Google Analytics Alternative

Is Refusing To Compromise a Deal-Breaker?

Relationships evolve. Young couples embark on marriage with separate habits and behaviors that in time become shared patterns. For senior women and senior men, the years of compromise are over. We’re lugging a lot of baggage. We’re open to new relationships, but we’re wary of meeting someone whose habits conflict with our own.

Trouble is, it’s a small world out there for single seniors — the older we get the smaller the dating pool. We’re going to be tying up with someone whose habits don’t match our own. What if he’s obsessive compulsive and you’re a scatterbrain? Or his dirty socks are strewn on the floor and you’re a clean freak? How can conservative and liberal ever make peace?  And imagine the calamity that awaits a music-lover and a partner with a tin ear.

Here are some reflections on – and a few solutions to — the odd couple challenge.

  • POLITICAL DIFFERENCES – These differences should never be a big deal; when they are, don’t take them personally; an attack on your favorite politician is not an attack on you. Focus on common ground (e.g., you both dislike the proposed tax plan, you want improved security at airports, you support equal rights for all in the LGBT community).
  • BIG COMPROMISES — Make major compromises only if you won’t feel resentment later. A city dweller who moves to a country home or a Philadelphian who relocates to Nevada will have a huge adjustment to make. The same applies to sharing life with a skinflint when you love shopping, or a stay-at-home when you love to travel. Accept major life changes only when you are fully prepared for disappointment — and you won’t take it out on your partner.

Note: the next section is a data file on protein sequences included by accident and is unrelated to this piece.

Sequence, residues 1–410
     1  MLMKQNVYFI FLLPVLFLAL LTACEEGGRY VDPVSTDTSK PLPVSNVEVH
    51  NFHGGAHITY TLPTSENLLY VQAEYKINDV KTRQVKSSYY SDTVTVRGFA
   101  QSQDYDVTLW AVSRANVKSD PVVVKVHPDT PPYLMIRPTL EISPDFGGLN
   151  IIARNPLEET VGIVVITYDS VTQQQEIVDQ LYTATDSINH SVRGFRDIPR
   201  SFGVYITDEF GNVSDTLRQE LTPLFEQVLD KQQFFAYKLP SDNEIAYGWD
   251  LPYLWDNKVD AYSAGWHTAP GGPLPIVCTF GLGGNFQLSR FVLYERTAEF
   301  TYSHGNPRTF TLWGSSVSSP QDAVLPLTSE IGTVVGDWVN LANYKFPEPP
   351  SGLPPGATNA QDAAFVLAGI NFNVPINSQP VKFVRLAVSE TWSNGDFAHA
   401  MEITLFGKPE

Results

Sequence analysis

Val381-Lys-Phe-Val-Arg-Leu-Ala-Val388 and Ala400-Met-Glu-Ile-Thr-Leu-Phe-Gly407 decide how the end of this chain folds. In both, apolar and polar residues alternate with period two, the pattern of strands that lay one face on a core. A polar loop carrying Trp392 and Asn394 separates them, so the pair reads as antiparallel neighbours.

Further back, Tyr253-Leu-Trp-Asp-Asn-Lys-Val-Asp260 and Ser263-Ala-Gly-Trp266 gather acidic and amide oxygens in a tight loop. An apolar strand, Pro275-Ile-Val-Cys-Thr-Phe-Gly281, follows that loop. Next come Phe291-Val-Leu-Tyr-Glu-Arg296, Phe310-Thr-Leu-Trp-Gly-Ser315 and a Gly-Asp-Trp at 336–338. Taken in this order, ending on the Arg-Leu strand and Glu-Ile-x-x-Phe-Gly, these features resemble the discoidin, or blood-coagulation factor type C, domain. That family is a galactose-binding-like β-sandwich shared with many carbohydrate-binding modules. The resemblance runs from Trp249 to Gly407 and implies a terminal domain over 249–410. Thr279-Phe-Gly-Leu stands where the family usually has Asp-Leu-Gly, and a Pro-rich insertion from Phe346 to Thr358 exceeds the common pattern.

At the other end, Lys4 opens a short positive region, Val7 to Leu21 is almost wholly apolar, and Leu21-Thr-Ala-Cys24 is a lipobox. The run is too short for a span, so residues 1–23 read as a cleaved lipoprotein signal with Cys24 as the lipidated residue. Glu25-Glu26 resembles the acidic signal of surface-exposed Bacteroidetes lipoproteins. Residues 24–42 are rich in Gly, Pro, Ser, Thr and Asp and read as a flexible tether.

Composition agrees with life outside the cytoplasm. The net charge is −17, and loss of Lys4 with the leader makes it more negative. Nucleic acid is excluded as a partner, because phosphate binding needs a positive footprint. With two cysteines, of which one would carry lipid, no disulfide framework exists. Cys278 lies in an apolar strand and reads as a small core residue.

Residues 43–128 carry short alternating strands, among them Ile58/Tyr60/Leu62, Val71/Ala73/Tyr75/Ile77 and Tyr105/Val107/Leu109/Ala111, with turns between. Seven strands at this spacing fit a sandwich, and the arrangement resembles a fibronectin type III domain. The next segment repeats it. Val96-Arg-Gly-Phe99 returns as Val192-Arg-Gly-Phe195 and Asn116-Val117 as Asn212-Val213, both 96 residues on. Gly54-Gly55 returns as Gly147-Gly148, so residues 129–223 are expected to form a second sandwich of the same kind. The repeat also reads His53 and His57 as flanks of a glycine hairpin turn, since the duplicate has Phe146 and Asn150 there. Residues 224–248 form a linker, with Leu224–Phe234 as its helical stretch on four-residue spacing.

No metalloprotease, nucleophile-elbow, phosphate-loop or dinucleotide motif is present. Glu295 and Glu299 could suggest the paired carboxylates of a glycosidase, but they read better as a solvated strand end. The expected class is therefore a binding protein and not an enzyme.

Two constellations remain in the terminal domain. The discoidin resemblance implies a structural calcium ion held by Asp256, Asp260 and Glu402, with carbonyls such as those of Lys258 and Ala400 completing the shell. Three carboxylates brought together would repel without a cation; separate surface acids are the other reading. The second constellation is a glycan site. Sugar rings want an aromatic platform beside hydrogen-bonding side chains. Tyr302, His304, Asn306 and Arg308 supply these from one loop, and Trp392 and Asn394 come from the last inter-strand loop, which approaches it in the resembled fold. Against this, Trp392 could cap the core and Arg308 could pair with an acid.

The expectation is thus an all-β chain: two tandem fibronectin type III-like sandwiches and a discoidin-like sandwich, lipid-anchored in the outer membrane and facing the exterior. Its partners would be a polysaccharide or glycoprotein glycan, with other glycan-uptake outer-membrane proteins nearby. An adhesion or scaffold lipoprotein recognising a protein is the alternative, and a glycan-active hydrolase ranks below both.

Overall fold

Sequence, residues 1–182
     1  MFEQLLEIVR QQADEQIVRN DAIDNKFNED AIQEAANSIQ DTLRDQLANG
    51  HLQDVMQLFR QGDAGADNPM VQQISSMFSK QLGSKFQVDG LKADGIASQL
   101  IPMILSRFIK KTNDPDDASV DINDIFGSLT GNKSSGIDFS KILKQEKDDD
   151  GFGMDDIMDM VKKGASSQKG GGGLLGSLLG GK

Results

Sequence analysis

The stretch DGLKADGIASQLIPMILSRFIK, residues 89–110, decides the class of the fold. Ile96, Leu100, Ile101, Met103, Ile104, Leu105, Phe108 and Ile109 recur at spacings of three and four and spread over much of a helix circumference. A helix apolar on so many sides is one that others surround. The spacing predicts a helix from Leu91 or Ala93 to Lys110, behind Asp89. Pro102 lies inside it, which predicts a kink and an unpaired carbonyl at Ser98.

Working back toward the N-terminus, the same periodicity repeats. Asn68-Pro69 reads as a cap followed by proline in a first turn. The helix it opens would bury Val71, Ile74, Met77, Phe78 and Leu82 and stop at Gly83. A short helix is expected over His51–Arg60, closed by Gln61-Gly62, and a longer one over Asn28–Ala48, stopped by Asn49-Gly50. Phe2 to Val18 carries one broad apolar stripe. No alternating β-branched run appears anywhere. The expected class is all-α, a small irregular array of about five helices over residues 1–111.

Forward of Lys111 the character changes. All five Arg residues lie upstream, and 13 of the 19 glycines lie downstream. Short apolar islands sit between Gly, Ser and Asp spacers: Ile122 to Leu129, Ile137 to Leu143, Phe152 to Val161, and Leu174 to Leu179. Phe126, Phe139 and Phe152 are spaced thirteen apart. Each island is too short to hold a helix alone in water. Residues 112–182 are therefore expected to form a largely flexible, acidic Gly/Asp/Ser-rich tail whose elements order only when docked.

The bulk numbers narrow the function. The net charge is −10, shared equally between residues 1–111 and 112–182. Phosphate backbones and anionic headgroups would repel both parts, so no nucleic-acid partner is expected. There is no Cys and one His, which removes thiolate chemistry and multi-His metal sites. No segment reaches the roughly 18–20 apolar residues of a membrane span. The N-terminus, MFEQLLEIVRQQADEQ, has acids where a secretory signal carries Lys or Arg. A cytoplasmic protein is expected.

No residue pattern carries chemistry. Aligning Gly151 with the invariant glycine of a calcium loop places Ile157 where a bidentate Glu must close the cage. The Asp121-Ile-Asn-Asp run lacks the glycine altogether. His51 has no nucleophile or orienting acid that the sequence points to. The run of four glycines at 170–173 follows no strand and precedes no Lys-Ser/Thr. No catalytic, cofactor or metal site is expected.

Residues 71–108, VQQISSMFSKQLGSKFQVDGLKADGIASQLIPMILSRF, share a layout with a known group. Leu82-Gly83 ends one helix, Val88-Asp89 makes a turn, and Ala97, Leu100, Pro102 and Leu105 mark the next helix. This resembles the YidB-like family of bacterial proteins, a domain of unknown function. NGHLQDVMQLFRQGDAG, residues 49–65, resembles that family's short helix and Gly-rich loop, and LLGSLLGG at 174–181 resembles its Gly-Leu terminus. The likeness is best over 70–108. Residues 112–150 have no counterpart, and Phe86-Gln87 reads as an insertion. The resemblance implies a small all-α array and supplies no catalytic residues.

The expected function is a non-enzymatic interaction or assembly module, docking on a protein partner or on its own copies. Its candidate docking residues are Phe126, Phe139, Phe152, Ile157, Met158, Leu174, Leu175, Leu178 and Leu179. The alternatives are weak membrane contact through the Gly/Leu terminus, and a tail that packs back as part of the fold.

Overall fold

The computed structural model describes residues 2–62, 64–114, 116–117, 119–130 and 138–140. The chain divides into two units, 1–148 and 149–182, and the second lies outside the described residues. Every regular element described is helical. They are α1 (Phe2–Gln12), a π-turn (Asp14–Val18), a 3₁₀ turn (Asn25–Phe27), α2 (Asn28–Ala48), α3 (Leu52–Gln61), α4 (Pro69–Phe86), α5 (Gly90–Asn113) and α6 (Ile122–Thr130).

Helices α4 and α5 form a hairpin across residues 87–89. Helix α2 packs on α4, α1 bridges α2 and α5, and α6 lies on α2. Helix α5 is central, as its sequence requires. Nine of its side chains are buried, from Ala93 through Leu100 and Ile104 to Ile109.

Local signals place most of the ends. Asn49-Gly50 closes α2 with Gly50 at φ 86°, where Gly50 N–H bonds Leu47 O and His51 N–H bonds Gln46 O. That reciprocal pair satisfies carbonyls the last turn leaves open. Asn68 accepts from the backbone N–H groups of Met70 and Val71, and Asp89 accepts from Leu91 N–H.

• MINOR COMPROMISES – If he’s wild about Mozart and hates Rock and Roll, download the Rolling Stones to your smartphone, and use earphones when he’s close by. On the other hand, it will please him no end when you slide beside him on the sofa to watch a PBS symphony broadcast or go smilingly to a live symphony performance.
  • NOT TAKING THE BAIT – Maybe he thinks he’s being cute and clever when he teases you about your wardrobe, your weight, your cooking, your age, or your grandchildren. If these comments hit home, you’ll be tempted to deliver a snappy rejoinder. It’s tough to smile instead, but if you ignore his carping, it will stop.
  • TOGETHERNESS TIME FRAMES – Let’s say he’s retired and you’re not. Senior men who have made a commitment to share their lives with new partners are not looking to spend time alone. Companionship is their mantra and they crave your full attention. Be prepared with reassurances to counter his inevitable imagining that your job may be more important than he is.